The Left has been shackled by a belief that only they are the true guardians of students, the poor, the elderly, immigrants and minorities. They believe in their perceived superior abilities. They believe that those on the Right are tools of big business and the rich. What balderdash! The wealthiest counties in this country have voted Democratic for decades. Their influence is seen along America’s east and west coasts. Mr. Obama outspent his Republican rivals in 2008, and received far more money from Wall Street than did John McCain. Barack Obama regularly returns to New York and Hollywood chumming for dollars. His visit this coming week will be his 41st of this season. How many fund raising trips to New York did President Bush make? Not many. How many has Mr. Romney made? Fewer than Mr. Obama.

The Right appeals to the aspirational, while the Left encourages dependency. The Right believes in the ‘Self”: that responsibility and self-reliance are critical to an individual’s self-worth and success. Jonathon Haidt, a professor of psychology at New York University’s Stern School of Business wrote recently in The Guardian that “the Left has a tendency to place caring for the weak, sick and vulnerable above all other moral concerns.” Professor Haidt identified a total of six moral concepts: care/harm, fairness/cheating, liberty/oppression, loyalty/betrayal, authority/subversive and sanctity/degradation.” There are others that perhaps could have been included: respect/disrespect and, simply, right/wrong. But Professor Haidt failed to note that at times the desire to “care” has unintended and unfortunate consequences, as we learned from the housing policies of President Clinton and the willingness of Congressmen like Chris Dodd and Barney Frank to provide mortgage financing (and now student loans?) to those with little ability to repay. When one sends millions of people into personal bankruptcy, it makes little difference that one’s intentions were honorable, when the results were devastating.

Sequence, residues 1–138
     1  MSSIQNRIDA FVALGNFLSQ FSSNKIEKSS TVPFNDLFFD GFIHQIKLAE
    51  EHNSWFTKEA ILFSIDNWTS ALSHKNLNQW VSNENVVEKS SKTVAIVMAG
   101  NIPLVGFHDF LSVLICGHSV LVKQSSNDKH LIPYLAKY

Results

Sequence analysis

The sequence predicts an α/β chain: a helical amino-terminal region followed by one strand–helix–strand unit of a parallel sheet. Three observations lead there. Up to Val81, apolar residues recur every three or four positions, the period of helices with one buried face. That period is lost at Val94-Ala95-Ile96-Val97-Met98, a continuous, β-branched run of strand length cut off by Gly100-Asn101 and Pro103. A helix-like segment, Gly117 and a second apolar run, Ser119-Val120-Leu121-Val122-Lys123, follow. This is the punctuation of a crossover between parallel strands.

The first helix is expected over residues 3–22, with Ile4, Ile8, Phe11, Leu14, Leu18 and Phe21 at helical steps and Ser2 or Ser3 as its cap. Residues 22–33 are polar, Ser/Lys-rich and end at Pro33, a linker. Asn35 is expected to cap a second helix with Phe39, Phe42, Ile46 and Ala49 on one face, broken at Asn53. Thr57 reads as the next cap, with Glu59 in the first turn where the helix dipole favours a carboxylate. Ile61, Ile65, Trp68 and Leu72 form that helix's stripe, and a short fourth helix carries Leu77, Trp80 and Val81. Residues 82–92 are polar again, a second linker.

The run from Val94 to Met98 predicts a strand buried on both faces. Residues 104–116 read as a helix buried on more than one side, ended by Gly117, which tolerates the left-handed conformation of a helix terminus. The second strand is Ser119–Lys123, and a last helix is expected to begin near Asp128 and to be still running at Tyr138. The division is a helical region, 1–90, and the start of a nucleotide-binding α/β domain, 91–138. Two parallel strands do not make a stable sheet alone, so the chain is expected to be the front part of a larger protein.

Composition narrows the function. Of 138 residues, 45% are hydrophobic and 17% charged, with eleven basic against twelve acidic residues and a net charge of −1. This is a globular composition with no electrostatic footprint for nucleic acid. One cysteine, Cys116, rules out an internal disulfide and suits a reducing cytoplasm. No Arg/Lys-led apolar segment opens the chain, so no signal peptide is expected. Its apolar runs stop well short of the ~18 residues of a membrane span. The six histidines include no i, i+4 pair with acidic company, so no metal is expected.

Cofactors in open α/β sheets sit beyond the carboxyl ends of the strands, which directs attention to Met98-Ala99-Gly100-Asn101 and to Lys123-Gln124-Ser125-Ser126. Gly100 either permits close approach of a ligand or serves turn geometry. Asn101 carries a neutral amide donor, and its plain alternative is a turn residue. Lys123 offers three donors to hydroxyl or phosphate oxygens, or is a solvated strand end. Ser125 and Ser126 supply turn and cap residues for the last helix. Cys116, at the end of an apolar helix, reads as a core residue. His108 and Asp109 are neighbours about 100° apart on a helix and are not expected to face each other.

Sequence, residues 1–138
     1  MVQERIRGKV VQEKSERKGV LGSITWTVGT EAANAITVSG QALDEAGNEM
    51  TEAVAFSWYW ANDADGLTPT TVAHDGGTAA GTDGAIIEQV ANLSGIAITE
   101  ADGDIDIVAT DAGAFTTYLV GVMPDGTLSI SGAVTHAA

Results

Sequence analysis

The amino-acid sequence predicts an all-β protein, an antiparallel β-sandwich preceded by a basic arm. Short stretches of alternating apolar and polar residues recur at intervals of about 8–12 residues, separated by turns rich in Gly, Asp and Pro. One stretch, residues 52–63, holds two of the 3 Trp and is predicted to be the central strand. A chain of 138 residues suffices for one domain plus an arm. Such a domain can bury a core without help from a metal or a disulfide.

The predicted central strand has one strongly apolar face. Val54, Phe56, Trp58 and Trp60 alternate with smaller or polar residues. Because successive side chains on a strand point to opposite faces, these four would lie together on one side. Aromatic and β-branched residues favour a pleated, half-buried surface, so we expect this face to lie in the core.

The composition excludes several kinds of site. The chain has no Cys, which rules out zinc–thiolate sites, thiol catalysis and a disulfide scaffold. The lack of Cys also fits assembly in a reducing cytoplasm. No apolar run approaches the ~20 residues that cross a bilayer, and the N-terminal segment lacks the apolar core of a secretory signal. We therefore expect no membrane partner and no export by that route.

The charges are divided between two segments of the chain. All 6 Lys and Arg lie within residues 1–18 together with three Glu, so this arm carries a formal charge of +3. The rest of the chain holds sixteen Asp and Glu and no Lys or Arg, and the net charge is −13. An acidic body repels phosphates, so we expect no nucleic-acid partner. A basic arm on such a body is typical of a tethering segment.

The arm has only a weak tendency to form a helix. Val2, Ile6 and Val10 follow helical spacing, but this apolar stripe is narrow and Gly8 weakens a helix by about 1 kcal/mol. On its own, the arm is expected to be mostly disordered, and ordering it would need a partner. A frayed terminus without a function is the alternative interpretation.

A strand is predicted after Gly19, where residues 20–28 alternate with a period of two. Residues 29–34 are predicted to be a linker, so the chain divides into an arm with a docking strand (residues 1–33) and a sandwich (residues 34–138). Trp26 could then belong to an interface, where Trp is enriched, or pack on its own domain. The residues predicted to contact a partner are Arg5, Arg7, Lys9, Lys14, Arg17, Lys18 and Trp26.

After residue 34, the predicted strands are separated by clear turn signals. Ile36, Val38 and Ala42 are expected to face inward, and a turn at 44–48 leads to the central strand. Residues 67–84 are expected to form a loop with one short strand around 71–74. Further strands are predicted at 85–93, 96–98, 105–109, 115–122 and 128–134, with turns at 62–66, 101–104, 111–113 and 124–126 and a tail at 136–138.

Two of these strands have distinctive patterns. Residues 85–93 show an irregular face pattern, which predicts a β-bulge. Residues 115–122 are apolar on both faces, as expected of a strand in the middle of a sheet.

The lesson from Wisconsin is important – that the era of endless spending on programs we can ill afford is coming to an end. They are neither fair to the majority nor to those they purport to help. It is a lesson, however, that has yet to be learned in many state capitals, including Sacramento, despite the clear message from San Jose and San Diego. It certainly has not been learned by those in Washington. Nevertheless, in my opinion, the die has been cast. The process began eight years ago when Mitch Daniels was elected governor of Indiana. He was the first in an expanding group of reformers. In my opinion, we are on the road to recovery. It may take a few more years and there will be setbacks. Cronyism, union leaders and other special interest groups will fight hard to retain their grip on power. But I believe we have made the turn (or are in the process.) And that, at least in part, was the message from the market when it rallied Wednesday, up almost 2.5% on good volume.